7. You Can Share “Beliefs,” So Long As You Label Them As Such: You may “believe” certain things to be true, but yet not have any evidence of it. For example, you may have told only your boss that you were scheduled for an operation and the name of the surgeon, and asked her pointedly to keep it private and confidential. However, the next day everyone in the office knew all of the details. While you have no direct evidence that your boss blabbered the private information, it sure seems that way. You can’t honestly say you are sure about that, but you can honestly say that you have “good reason to believe” your boss was the blabbermouth. By being careful – and limited – in your use of words, you gain credibility. You also protect yourself from being found to have told a falsehood if it turns out that someone else – like your doctor’s secretary – was the actual blabbermouth. As lawyers, we are taught to use the phrase “upon information and belief” in these circumstances for that very reason.

8. Bear in Mind that Exaggeration and Embellishment Reduce Your Credibility: Sometimes clients report things to us that, in the end, turn out to be exaggerations or embellishments of the truth. While it is easy to understand the urge to exaggerate, if you give into that urge, and are caught doing so, you cast great doubt on everything else you say. Trial lawyers will tell the jury “If she is willing to make one exaggeration, she is willing to make two, and if she is willing to make two exaggerations, can you trust anything she says?!?” It’s like being “half-pregnant.” Either you are honest, or you are not; at least that is what people will think.

9. Ask a Friend: “Is this Clear, Consistent and Compelling?”: Before transmitting your Complaint or Grievance, consider having a loved one or close friend review it for you. Is it clear? Is it consistent? Is it compelling? Ask for frank feedback, criticisms and suggestions. Few people do this, but so many could benefit from it.

10. Make an Email Record of Your Complaint or Grievance, and Supporting Material: No matter how you make your Complaint or Grievance, you need to send a second copy of it and all of your supporting materials by email. Email is “forever,” is date- and time-stamped, and provides proof of transmittal and receipt. Likewise, if you have any meeting with HR or General Counsel’s office, soon after send them an email summarizing what you said, what they said, what steps are planned, who will be taking them, and when you should be hearing back from them. That is, make sure that everything that happens and is said is “forever” in an email. Otherwise, if the only record of what happened is in their notes, you may well be amazed at how much is “forgotten,” misplaced, mischaracterized and denied. Don’t let that happen to you.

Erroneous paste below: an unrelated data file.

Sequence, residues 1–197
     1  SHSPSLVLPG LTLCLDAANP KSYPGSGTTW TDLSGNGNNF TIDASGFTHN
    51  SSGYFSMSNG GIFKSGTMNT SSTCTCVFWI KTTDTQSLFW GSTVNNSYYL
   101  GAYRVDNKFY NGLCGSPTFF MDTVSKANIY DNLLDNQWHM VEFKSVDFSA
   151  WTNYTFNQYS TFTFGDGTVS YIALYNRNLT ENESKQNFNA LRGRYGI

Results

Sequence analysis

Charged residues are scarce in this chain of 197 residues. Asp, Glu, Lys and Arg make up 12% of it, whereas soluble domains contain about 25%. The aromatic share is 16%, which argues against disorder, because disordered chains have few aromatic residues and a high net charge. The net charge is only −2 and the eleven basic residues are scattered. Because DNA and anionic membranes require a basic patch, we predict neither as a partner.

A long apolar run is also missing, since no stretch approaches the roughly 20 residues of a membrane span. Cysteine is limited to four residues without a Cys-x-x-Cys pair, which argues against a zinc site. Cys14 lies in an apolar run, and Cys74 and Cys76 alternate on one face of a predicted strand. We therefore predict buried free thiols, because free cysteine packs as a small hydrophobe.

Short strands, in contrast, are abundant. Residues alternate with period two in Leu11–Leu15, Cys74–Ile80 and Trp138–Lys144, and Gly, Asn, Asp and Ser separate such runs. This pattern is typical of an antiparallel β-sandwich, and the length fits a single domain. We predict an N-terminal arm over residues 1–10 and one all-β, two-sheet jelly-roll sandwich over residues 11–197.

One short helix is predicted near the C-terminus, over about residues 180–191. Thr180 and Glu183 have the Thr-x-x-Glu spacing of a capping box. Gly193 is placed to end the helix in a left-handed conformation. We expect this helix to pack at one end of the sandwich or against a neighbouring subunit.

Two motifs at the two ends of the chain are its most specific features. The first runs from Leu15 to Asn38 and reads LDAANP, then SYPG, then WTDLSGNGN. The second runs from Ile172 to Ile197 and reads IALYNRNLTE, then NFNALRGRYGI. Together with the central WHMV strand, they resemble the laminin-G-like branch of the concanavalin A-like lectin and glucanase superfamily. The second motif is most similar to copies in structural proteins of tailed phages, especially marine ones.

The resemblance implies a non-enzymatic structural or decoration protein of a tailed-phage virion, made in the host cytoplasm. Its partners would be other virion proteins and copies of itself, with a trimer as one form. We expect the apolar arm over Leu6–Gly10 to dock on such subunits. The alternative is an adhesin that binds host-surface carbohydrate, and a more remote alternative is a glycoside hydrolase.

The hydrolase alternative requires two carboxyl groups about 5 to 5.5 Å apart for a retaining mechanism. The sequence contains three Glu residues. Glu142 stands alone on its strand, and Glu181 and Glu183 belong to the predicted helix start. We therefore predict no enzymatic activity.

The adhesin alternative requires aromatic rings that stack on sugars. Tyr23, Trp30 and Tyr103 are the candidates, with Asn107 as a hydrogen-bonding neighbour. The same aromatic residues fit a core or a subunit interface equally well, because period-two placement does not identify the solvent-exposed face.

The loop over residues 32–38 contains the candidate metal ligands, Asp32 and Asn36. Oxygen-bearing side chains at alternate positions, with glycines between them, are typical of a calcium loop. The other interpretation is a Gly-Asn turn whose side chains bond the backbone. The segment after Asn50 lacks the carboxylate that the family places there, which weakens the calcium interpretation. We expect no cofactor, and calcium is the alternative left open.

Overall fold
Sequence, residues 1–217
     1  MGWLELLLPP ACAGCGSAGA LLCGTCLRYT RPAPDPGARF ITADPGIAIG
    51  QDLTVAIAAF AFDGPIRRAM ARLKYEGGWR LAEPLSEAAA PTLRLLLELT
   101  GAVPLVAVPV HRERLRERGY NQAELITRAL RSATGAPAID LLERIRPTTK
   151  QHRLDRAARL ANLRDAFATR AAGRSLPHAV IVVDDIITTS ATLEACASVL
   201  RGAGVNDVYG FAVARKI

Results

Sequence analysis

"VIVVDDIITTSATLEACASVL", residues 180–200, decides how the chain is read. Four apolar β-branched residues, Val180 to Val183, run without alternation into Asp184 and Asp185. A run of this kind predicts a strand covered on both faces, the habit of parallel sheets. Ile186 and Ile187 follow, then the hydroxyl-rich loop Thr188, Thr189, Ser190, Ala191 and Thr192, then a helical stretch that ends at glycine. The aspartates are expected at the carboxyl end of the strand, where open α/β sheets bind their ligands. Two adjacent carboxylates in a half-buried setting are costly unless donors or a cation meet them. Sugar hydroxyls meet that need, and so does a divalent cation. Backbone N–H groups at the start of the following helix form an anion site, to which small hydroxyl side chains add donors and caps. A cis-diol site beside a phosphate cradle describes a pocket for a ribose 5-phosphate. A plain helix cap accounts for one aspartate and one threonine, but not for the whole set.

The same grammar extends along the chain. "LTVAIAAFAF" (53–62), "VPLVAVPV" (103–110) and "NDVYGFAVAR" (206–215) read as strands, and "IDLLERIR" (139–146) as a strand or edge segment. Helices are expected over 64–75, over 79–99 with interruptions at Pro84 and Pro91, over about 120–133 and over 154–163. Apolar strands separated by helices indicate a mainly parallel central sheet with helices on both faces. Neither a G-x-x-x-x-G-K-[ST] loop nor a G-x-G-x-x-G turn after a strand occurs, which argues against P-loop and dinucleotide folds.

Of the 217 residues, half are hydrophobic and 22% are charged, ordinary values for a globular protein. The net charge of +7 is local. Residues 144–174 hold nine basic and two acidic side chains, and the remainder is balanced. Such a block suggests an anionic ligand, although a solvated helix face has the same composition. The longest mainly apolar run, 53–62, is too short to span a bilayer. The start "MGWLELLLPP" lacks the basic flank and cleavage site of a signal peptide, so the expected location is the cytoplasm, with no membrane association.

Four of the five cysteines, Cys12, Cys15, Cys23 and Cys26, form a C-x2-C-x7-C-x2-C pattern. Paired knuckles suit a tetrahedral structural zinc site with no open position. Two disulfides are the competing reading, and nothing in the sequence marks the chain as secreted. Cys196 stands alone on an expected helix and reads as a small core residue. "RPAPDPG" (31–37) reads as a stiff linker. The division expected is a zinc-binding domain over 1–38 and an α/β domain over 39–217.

11. We Offer a Model Complaint / Grievance Letter on our Blog’s “Private Library”: For those who feel intimidated by the task of composing a written Complaint or Grievance, we offer a “model” Complaint or Grievance for a minimal price in the “Private Library” section of our blogsite. While it does not contain your specific details and information, it does provide a helpful structure and example of what we consider to be an effective Complaint.

When making a Complaint or Grievance, don’t just come out with words like “discriminatory, hostile, harassing, improper, fraudulent, improper, illegal, extortionate,” or the many other words of conclusion. Instead, support these conclusions with graphic, picturesque, compelling, descriptive, image-laden words. Give facts, provide witnesses, transmit supportive documentation. If you are putting your credibility on the line, do so with precision, passion and purpose. This is not the time for understatement or embellishment, but the factual truth, the whole factual truth, and nothing but the factual truth, so help us all.

If you would like to obtain a “model” memo to help you report Discrimination, Harassment, or Hostility [click here].

Our SkloverWorkingWisdom™ emphasizes smart negotiating – and navigating – for yourself at work. If and when you need to file a Complaint or Grievance at work, you should do it well, carefully, and effectively. That takes focusing on specifics. These eleven ideas are yours, to help you in that process. Now it’s up to you.

Always be proactive. Always be creative. Always be persistent. Always be vigilant. And always do what you can to achieve for yourself, your family, and your career. Take all available steps to increase and secure employment “rewards” and eliminate or reduce employment “risks.” That’s what our SkloverWorkingWisdom™ is all about.

A note about our Actual Case Histories: In order to preserve client confidences, and protect client identities, we alter certain facts, including the name, age, gender, position, date, geographical location, and industry of our clients. The essential facts, the point illustrated and the lesson to be learned, remain actual.

Please Note: This Newsletter is not legal advice, but only an effort to provide generalized information about important topics related to employment and the law. Legal advice can only be rendered after formal retention of counsel, and must take into account the facts and circumstances of a particular case. Those in need of legal advice, counsel or representation should retain competent legal counsel licensed to practice law in their locale.

© 2009 Alan L. Sklover. All rights reserved. Commercial use prohibited.